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This Is the Site Redditors Are Migrating to Now That r/FatPeopleHate Is Banned

Reddit doesn't care if fat shaming assholes leave the site.

Reddit banned a subreddit dedicated to being awful to overweight people, so Redditors are being awful to fat people all over the site as a show of protest. Meanwhile, other Redditors are jumping ship to a "censorship-free" Reddit clone that prides itself on being a place where people can be awful to whoever they want.

Such is the difficulty in trying to police a massive website with a very vocal minority of people who believe that they have the right to free speech on a privately-owned website. Under a new anti-harassment policy, Reddit has taken its first strong steps to clean up toxic subreddits by banning a handful of communities focused on attacking overweight people, transgender people, and black people.


In a message posted by an administrator of the site, Reddit said it had banned r/fatpeoplehate, r/hamplanethatred, r/neofag, r/transfags, and r/shitniggerssay, which were subreddits specifically dedicated to being awful to marginalized people. The largest of which was r/fatpeoplehate, which had just over 149,000 subscribers.


"We will ban subreddits that allow their communities to use the subreddit as a platform to harass individuals when moderators don't take action," the Reddit team wrote. "We're banning behavior, not ideas."

As a form of protest, thousands of Redditors have moved to both new subreddits and a competing service called Voat, a Reddit clone founded as a response to earlier perceived Reddit censorship.

Right now, there are tens of thousands of users posting photos of overweight people on r/fatpeoplehate2 and r/thefattening (a nod to the celebrity nude leaks of a year ago). Other subreddits that have popped up are called r/fatpeopleloathing and r/againstfatpeople.

Despite the protests, Reddit told me it has no plans on backing down from its decision, and says it's dedicated to fostering an environment in which it's not acceptable to be awful to people just for the sake of it.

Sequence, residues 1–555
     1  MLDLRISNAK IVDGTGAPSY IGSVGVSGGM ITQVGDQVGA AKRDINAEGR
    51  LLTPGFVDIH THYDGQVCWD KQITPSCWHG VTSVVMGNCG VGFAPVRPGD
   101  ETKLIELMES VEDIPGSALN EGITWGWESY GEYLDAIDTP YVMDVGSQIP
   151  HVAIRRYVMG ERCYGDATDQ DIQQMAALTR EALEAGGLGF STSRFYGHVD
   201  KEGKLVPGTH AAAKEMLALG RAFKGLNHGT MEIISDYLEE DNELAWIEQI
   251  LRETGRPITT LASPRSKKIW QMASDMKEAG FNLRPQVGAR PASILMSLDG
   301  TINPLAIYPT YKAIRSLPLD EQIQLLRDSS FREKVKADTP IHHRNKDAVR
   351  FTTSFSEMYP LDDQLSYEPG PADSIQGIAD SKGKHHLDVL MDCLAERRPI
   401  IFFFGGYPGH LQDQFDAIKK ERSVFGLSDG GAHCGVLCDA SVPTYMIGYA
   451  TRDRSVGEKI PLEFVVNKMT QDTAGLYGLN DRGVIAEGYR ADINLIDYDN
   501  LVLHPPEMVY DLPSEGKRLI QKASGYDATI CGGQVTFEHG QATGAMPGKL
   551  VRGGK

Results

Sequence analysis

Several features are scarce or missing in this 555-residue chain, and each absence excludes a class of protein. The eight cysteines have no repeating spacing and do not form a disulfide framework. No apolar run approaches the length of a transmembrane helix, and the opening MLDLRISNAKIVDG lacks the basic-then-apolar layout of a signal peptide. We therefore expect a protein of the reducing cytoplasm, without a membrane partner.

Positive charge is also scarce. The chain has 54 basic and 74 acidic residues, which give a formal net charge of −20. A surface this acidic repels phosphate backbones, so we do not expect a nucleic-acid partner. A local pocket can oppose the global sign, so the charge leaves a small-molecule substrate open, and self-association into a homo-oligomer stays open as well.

An archived screenshot of /r/fatpeoplehate

"As far as people leaving—as [Reddit CEO] Ellen [Pao] and [Reddit community manager] Jessica [Moreno] noted in today's announcement, the goal is to make Reddit a place for authentic conversations and idea-sharing. Reddit hopes that users will welcome the changes to make the platform a more welcoming place for all," Heather Wilson, a spokesperson for the site told Motherboard. "These subreddits were banned after repeated complaints about extensive harassment of users both on and off Reddit."


Though it's being painted as such by some pissed off free speech types, this is not an existential threat for Reddit. As many as 22,000 people were reading the r/fatpeoplehate2 subreddit at the time I was writing this. That's not an insignificant number, but, considering that nearly 173 million people visited Reddit last month, it's barely a drop in the bucket.

"The loudest, grossest assholes also tend to be the people most desperate to have their loud gross voices heard," Whitney Phillips, a researcher at Humboldt State University who wrote This Is Why We Can't Have Nice Things, an academic look at online trolling, told me in an email. "So it's not surprising that new subreddits would crop right up. Nor do I think that Reddit will be able to snuff this sort of behavior out entirely. But again, signaling a commitment to a robust sort of free speech, one that actually values democratic participation, is a hell of a lot better start than no start at all."

Phillips said that, despite the protests, Reddit is doing the right thing. It may not work right away, and the "Streisand Effect," is already in full swing, but she said the site had to try to rein in some of its bad behavior.

"This is a good move. It's perhaps not a fully (or very, or remotely, take your most cynical pick) enforceable move, but enforceability isn't (necessarily) what makes a move good," she said. "What makes a move good is the attempt to do good, to have a positive impact on the site's users and online discourse generally. Some might be tempted to discount this as lip service, caving to political pressure, whatever. And maybe it is."

"But who cares—protecting diverse communication is the essence of free speech, and at the very least this announcement acknowledges that free speech is compromised when the loudest, grossest assholes get to set the tone," she added. "We want more and diverse speech, not less. And anything that forwards that basic tenant is a good thing in my book."

In the thread announcing the bans, many users predicted that Reddit's moderation tactics would result in the ultimate downfall of the site. Many vowed to switch to Voat, a site that has vowed to never censor users' posts. That site has become a favorite for people who have taken part in the "GamerGate" movement and those who have said that Reddit has been ruined by "social justice warriors" who preach equality.

Considering that the traffic sent to Voat from one very small Reddit thread crashed the site, it seems unlikely that it'll be a viable replacement for Reddit's masses anytime soon.